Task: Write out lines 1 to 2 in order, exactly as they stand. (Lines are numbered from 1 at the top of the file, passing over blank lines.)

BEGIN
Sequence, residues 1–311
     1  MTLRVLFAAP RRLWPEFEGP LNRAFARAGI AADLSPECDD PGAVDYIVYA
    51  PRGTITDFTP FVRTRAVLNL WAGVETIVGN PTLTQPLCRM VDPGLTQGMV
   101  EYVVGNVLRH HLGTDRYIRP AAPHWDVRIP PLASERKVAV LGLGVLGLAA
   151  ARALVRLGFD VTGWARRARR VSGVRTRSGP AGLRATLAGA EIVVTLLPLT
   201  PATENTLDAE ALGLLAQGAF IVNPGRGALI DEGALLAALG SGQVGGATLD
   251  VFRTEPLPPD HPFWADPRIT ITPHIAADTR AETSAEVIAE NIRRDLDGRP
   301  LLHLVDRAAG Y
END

Sequence, residues 1–311
     1  MTLRVLFAAP RRLWPEFEGP LNRAFARAGI AADLSPECDD PGAVDYIVYA